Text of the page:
Pregnant Females Congregate Around Power Station Outflow in Israel
I have been diving with sharks around the world for more than 20 years - but I never thought I would find an aggregation of four-metre-plus mature female sharks just 40 minutes from my home in Israel in the relative marine deserts of the Mediterranean Sea.
But researchers from Haifa University have been investigating something unusual going on near the outflow of a major power plant in the Hadera Stream National Park on the Mediterranean coast and I volunteered to help the project.
My first dive blew my mind! In three metres of slightly murky waters on a bland, sandy, seabed we came across eight to ten individual dusky sharks. Some were more than four metres in length and for more than an hour they circled and swam back and forth. Forget the Indian Ocean or even the Pacific, this was one of my best ever shark experiences.
No one really knows why these sharks congregate in the same spot year after year, from end October through to April. But some circumstances have surely helped. In 2005 Israel passed a law protecting all sharks in its waters and from 2008 the authorities starting strictly enforcing the ban on any shark fishing.
The duskies are gathering next to an electric power plant. The hot jets of fresh water from the plant flow into of the Hadera Stream which joins the salty water of the Mediterranean and keep the water temperature around the outflow at 24ºC compared with the average of 18ºC for the Med in winter. The warm water attracts small schools of jacks, sea breams and mullet upon which the duskies predate.
Dusky sharks (Carcharhinus obscurus) live in tropical and warm-temperate seas worldwide mostly at the point where the continental shelves plunge off into the depths of the open ocean. Populations migrate seasonally towards the poles in the summer and towards the equator in the winter, travelling hundreds to thousands of kilometres.
One of the largest requiem sharks, the dusky shark reaches 4.2m (14ft) in length and 347kg (765lb) in weight. It has a slender, streamlined body and can be identified by its short round snout, long sickle-shaped pectoral fins, a ridge between the first and second dorsal fins, and faintly marked fins.
Adult dusky sharks have a broad and varied diet, consisting mostly of bony fishes, sharks and rays, and cephalopods, but also occasionally crustaceans, sea stars, bryozoans, sea turtles, marine mammals, carrion, and garbage. This species is viviparous with a three-year reproductive cycle; females bear litters of 3–14 young after a gestation period of 22–24 months, after which there is a year of rest before they become pregnant again.
Dusky sharks are one of the slowest-growing and latest-maturing sharks, not reaching adulthood until around 20 years of age.
The numbers of the sharks at Hadera vary from one year to year. During 2015-16, more than 100 were spotted in the area. This year by using VTOL (Vertical Take-off and Landing) drones on a regular basis to monitor their presence, about 40 individuals have been spotted.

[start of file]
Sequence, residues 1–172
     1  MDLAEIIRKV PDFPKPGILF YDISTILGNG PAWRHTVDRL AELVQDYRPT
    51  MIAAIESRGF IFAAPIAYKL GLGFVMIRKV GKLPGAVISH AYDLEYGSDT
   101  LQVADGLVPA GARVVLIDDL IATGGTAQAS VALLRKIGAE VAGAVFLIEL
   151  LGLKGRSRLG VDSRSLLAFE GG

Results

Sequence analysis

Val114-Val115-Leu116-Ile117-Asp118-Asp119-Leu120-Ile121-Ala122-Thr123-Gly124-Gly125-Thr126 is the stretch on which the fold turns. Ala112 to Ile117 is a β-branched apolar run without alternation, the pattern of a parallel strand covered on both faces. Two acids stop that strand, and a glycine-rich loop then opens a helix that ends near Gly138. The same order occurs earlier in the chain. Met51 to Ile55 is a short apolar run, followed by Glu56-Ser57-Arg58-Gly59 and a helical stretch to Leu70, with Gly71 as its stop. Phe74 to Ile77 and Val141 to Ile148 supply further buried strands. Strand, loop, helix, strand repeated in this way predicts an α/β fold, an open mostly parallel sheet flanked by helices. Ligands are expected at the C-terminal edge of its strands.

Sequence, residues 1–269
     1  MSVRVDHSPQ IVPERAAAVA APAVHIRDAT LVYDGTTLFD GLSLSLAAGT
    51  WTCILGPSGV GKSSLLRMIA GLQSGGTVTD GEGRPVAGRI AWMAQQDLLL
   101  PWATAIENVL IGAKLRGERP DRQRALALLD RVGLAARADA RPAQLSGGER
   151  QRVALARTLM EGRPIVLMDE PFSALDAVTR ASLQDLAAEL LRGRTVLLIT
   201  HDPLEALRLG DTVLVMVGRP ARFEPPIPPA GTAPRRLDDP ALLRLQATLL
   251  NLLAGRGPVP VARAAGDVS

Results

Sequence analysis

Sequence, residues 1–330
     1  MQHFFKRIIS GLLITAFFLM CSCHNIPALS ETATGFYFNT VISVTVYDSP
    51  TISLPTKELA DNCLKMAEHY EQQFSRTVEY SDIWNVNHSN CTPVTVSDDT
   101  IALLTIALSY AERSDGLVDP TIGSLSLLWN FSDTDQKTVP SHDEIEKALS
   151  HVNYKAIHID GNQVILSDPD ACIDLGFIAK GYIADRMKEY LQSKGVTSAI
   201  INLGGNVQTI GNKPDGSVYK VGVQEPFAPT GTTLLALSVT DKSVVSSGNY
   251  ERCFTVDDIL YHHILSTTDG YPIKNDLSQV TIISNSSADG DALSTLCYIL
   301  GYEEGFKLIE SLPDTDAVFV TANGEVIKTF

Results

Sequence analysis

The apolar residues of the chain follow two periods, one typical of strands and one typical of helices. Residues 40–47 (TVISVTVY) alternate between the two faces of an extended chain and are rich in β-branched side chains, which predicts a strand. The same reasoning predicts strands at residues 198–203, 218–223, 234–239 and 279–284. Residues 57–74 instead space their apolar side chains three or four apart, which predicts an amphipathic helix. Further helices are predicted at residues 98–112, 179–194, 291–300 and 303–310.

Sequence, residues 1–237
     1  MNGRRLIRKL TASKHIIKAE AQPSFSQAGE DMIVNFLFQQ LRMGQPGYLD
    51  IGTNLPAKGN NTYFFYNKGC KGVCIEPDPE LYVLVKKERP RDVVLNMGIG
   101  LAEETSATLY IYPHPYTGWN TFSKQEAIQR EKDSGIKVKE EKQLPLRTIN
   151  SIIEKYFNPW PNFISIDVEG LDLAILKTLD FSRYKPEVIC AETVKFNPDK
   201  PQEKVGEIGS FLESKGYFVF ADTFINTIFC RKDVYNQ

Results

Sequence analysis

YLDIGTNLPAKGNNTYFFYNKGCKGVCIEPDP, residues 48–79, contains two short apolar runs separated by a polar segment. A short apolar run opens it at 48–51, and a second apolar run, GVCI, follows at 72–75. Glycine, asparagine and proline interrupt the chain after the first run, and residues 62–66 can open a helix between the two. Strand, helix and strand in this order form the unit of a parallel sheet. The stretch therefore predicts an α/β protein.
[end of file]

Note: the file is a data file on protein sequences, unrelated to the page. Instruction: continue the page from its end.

An interesting fact is that most of the sharks are females and only later in the season do a few sandbars male sharks appear. The sandbar sharks (Carcharhinus plumbeus) are significantly smaller than the dusky females and reach two metres length.
From my experience of diving with dusky sharks elsewhere in the world, the girth of the females in Hadera is much bigger. That might suggest that the female are pregnant. This thesis is part of the research project.
Conditions can be quite varied at this time of year so if planning a dive trip to see the duskies of Hadera expect to be checking the weather forecasts. The shark season starts at the end of November when the water temperature drops to 24ºC and ends at March-April when it goes above 24ºC.
The dive site is not far from the parking lot of the national park where you can gear up followed by a 300m walk to the entry point.
It takes few minutes of fining to get to where the sharks gather. It is a shallow dive as most encounters with the sharks are at depth of 2m to 4m. The max depth is 6m so 7lt or 10lt tanks are more than enough.
The bottom varies from sandy to boulders and most of the dive you are on your knees and waiting for the sharks approach you.
It doesn't take long after settling on your knees to see a distant shadow approaching from the murky shadows of the stream of warm water. Getting closer you realise this is a 4m, 350 kg giant coming to check you out.
Some sharks come alone, others come in pairs or in small schools of three. Their swimming pattern is usually from the current heading to the sandy bottom and back to the current but they can show up from every direction. The whole idea is to stay calm and let the sharks approach you without fear. They have never shown any aggressive behaviour even if they approach us really close. Sometimes they come just few centimetres from us.
We have encountered in most of our dives more than 20 sharks, mostly female and occasionally smaller sandbar male sharks.
Viz can be varied. On good days you get 4m to 6m and average viz at the site is around 3m. It drops to almost zero if you approach the stream of hot water coming from the power plant. The area is a favourite for anglers and the rocky part of the site is full of hooks and loose fishing lines that can pose a risk. It is advised to carry a cutting tool in your BCD. A 5mm wetsuit is perfect for the dive.
• To find out more about diving with the dusky sharks contact Yuval at Ocean Traveler. He can also arrange diving trips to the ancient port of Caesarea and the coral reefs diving in Eilat. Website or Facebook